Bad things happen, and sometimes those bad things will happen to your computer, or a computer you are responsible for.

There are quite a few Linux live CDs out there designed for the purpose of rescue systems. The idea is, something bad happens, and you then boot into the CD and use the tools it provides to fix the problem, or hopefully at the very least save your data.

SystemRescueCD includes a whole host of tools that are very useful. If you are already a Linux whiz, you have a full command line available to you, as you'd expect, and an impressive array of tools you might need. I particularly find partimage to be useful, and use SysRecCD to do backups of my Linux system in this way. There are also lots of other system tools, including full read-write support for NTFS partitions through ntfs-3g, meaning

As well as the command line side of things, the CD also has a GUI available, which uses WindowMaker. One thing that is worth mentioning is that it isn't loaded up by default, you have to start it with startx. This is fine if you're reasonably proficient with the command line or know how to do this, but it does raise the barrier significantly for non-Linux people who want a restore system.

GUI applications included in the distribution feature Gparted, for easy reformatting and repartitioning of disks, both Firefox and Dillo for any emergency browsing needs and many other basic graphical programs.

SystemRescueCD certainly isn't for the faint of heart, and you'll need a reasonable previous amount of experience with Linux to be able to use it effectively. But as a backup and restore tool, I find it to be very useful and provide many tools you might need in a lightweight live CD environment.

It can be downloaded from the official wiki.

Avatar for peter Peter Upfold -

Peter Upfold is a technology enthusiast from the UK. Peter’s interest in Linux stems back to 2003, when curiosity got the better of him and he began using SUSE 9.0. Now he runs Linux Mint 9 on the desktop, runs a CentOS-based web server from home for his personal website and dabbles in all sorts of technology things across the Windows, Mac and open source worlds.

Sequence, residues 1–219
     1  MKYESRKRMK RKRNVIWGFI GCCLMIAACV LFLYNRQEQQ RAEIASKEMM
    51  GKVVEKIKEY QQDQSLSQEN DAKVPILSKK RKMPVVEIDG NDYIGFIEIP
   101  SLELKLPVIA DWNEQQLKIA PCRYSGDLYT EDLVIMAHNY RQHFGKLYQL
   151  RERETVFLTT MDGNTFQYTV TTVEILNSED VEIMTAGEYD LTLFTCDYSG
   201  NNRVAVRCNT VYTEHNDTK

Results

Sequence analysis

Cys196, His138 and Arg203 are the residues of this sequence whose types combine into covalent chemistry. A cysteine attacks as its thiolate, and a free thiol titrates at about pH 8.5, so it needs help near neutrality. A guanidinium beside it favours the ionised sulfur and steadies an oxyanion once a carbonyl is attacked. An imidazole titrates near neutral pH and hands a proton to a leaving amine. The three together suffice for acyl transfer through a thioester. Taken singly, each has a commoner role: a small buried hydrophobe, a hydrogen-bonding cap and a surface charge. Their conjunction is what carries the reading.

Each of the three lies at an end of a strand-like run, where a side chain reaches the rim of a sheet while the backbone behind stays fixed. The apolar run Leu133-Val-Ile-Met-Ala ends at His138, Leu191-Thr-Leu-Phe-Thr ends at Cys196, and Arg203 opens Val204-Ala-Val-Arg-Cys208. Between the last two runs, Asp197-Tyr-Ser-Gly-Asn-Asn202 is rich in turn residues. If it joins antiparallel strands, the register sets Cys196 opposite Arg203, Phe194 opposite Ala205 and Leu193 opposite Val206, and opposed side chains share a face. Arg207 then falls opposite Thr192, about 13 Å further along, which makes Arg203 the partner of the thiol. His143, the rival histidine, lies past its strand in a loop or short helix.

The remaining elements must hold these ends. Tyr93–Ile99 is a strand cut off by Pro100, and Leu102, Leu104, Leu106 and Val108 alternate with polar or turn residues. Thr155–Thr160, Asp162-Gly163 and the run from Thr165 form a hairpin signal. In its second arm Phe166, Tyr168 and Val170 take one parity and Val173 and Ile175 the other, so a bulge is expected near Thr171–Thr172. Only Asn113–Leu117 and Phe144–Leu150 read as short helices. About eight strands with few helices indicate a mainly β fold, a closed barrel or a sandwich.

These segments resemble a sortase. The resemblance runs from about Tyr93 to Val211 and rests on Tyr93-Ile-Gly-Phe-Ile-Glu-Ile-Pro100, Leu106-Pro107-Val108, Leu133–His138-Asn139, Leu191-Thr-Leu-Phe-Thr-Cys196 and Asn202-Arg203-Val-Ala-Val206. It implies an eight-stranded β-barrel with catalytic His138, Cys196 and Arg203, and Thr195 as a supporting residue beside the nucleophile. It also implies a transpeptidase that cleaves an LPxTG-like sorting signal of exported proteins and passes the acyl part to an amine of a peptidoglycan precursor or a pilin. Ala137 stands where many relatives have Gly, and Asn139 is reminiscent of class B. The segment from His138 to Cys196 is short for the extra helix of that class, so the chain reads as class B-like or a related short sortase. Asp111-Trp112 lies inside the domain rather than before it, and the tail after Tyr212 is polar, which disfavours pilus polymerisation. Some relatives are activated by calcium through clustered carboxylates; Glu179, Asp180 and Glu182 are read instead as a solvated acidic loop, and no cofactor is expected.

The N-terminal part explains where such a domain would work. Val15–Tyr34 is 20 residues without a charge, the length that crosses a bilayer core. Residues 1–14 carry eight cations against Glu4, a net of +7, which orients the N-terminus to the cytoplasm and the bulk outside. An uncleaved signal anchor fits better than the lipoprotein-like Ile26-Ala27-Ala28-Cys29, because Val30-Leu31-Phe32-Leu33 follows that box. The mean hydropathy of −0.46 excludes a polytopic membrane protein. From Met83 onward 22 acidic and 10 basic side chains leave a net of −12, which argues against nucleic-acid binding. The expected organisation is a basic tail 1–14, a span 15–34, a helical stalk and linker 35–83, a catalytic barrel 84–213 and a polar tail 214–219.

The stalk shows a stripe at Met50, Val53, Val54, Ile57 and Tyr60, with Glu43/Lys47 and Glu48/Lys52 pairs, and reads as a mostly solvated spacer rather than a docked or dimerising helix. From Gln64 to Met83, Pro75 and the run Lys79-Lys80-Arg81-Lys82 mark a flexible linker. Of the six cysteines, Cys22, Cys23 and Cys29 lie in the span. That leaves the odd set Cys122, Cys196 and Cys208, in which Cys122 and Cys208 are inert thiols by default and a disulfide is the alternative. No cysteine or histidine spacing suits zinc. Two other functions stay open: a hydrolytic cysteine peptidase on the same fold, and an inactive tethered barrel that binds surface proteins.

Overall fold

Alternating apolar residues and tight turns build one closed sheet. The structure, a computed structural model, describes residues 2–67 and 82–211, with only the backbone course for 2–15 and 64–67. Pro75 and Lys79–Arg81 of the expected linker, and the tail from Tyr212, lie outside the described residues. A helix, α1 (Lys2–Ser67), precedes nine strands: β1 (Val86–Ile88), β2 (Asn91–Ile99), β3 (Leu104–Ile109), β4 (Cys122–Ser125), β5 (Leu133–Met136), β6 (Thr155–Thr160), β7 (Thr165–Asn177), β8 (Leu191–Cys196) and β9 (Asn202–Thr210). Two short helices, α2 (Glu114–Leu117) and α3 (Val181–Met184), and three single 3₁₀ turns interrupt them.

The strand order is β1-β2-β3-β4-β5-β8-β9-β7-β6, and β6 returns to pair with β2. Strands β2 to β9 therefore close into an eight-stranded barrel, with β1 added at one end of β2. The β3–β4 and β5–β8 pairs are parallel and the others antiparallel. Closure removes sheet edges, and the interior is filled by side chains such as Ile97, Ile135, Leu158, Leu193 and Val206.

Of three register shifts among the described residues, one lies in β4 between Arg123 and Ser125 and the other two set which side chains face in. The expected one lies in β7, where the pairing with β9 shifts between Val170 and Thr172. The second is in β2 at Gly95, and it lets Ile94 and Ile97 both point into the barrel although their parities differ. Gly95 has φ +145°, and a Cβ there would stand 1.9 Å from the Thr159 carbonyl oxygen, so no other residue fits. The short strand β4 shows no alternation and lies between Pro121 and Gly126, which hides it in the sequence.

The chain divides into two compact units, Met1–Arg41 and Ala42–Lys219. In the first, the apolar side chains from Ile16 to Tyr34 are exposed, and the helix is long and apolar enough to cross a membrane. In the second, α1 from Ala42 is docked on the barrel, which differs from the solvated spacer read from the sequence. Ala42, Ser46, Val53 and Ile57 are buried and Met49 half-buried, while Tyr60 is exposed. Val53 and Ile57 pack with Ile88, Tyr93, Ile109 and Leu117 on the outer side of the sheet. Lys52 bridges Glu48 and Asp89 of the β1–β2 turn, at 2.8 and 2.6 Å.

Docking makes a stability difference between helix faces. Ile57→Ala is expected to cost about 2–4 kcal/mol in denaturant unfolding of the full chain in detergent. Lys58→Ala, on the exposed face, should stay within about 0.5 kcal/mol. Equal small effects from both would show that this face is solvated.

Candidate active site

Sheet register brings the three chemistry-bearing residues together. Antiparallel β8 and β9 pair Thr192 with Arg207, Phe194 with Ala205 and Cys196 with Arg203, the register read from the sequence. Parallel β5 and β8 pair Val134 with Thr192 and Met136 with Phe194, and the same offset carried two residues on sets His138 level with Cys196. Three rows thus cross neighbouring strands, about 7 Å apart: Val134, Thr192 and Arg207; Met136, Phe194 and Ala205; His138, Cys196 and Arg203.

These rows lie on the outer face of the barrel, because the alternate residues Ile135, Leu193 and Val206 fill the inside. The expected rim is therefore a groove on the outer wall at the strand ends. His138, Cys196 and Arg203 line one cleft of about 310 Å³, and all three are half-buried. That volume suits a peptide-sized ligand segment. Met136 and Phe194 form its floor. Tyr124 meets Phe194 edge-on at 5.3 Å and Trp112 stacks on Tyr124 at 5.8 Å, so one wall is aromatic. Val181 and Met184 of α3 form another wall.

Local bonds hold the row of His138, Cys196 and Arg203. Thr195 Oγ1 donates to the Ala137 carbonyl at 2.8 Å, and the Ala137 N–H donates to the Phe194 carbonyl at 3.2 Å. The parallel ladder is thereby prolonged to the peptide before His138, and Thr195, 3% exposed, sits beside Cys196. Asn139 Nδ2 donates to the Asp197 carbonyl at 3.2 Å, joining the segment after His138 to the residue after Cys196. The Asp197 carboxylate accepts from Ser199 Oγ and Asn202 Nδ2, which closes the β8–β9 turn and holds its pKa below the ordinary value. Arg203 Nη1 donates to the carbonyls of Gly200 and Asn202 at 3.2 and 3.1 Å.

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Discussion: SystemRescueCD

  1. rambutan (guest)

    # Posted on 28 February 2008 at 08:04 PM

    I like SystemRescueCD and have used it for a few years. In the past I used it to make partimage backups but now I use $ sudo cp -a /original/ /target/ or # cp -a /original/ /target/ It's a lot more space efficient and you can access the files in the copy. Also with "cp -a" you can backup several partitions to the same partition, provided of course you have the GBs available in the target partition.

  2. rambutan (guest)

    # Posted on 28 February 2008 at 08:07 PM

    Whoops I should warn you cannot use cp -a to backup the current active partition. If you've booted into sda3 then you can back up any partition but sda3.

  3. Diego (guest)

    # Posted on 28 February 2008 at 10:31 PM

    The best rescue CD that i have even used is called Hiren's Boot CD I dont think that this is linux related, but is the best CD to rescue windows. And maybe also linux.

  4. Hieronymus (guest)

    # Posted on 29 February 2008 at 06:55 PM

    I'm partial to Parted Magic as a rescue CD. It has lots of tools but starts in a graphical shell by default:

  5. # Posted on 01 March 2008 at 01:03 AM

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  6. Lonnie Bauerly (guest)

    # Posted on 01 March 2008 at 04:00 PM

    I prefer the Trinity Rescue Kit that allows me to move files through the network to other computers. Vary easy to use and has a small gui at startup.

    Trinity Rescue Kit or TRK is a free live Linux distribution that aims specifically at recovery and repair operations on Windows machines, but is equally usable for Linux recovery issues.

    Here 's a sumup of some of the most important features, new and old: -easily reset windows passwords -4 different virusscan products integrated in a single uniform commandline with online update capability -full ntfs write support thanks to ntfs-3g (all other drivers included as well) -clone NTFS filesystems over the network -wide range of hardware support (kernel and recent kudzu hwdata) -easy script to find all local filesystems -self update capability to include and update all virusscanners -full proxyserver support. -run a samba fileserver (windows like filesharing) -run a ssh server -recovery and undeletion of files with utilities and procedures -recovery of lost partitions -evacuation of dying disks -UTF-8 international character support. -elaborated documentation

  7. # Posted on 03 April 2008 at 05:31 PM

    [...] which I covered very recently has just released version [...]

  8. # Posted on 20 September 2008 at 05:23 AM

    [...] [...]

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